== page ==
Two weeks ago I found myself wandering the aisles of a medical clinic holding a small cup of pee.
The Perpetually Cheerful Doctor
The medical clinic is home to our own doctor, a perpetually cheerful woman about our age. A couple of years ago when we first met her and came out to her, she had enthusiastically explained that her sister-in-law was a lesbian and had gotten pregnant using a known donor, a mason jar and a turkey baster. I had hoped then that, when the time came for Sea and me to attempt reproduction, she would have developed an understanding of some slightly more medically-sanctioned techniques. Luckily, by the time I visited her for a pre-conception visit this summer, she had. It turned out that her sister-in-law had contracted some harmful bacteria in the process, and our perpetually cheerful doctor was perfectly happy to refer us to a fertility clinic or three. About a month ago we e-mailed her to let her know that she was about eight months away from having a young new patient. She quickly responded, her e-mail written in a bright purple font that bore a suspicious resemblance to Comic Sans Serif. The e-mail was three sentences long and contained fourteen exclamation points. The final sentence instructed, “Come see me later this week or next week and we can review next steps!!!!!!!”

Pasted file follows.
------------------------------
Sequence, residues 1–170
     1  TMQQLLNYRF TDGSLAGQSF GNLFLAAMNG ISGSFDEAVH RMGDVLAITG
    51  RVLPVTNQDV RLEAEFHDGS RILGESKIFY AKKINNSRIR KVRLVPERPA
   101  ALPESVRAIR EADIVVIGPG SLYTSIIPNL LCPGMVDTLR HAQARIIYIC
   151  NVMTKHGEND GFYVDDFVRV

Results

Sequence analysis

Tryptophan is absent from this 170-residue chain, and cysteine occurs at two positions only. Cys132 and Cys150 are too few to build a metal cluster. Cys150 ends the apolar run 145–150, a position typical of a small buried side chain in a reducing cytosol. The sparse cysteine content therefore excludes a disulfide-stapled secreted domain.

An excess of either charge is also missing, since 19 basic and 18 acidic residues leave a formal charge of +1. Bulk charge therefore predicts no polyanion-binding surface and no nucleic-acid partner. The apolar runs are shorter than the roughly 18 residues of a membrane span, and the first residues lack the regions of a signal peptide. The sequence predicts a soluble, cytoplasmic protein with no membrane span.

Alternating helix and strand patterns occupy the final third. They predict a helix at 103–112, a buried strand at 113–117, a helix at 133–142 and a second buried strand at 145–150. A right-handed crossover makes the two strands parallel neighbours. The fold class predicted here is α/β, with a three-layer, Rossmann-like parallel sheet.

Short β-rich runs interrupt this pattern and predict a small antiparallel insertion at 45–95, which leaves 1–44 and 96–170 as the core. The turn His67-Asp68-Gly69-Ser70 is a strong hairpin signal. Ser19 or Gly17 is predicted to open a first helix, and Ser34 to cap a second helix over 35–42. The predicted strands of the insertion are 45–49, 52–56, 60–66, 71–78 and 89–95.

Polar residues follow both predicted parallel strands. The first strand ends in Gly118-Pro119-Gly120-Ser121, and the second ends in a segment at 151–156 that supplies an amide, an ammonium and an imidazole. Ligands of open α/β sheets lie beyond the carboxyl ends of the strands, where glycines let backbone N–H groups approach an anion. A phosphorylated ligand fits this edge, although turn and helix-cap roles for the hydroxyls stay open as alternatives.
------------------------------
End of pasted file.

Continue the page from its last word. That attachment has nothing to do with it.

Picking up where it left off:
So Sea and I went to see her, though a bit later than requested. We were greeted by a medical assistant, who looked like he would also be well-suited to a job as a security guard. He measured my height and weight, took my blood pressure, then sent me to the bathroom with a small plastic cup. He assured me that he would be waiting outside the bathroom to take the cup back when I was done, but this turned out to be a lie. I exited the bathroom to find him nowhere in sight. I wandered up and down the hallways, pee cup in hand, trying to find him. Twice I walked by the clinic room where Sea was still sitting, patiently waiting. She encouraged me to keep looking, politely stifling any laughter. Finally I found another medical assistant, handed over the pee cup, and went to wait for our perpetually cheerful doctor.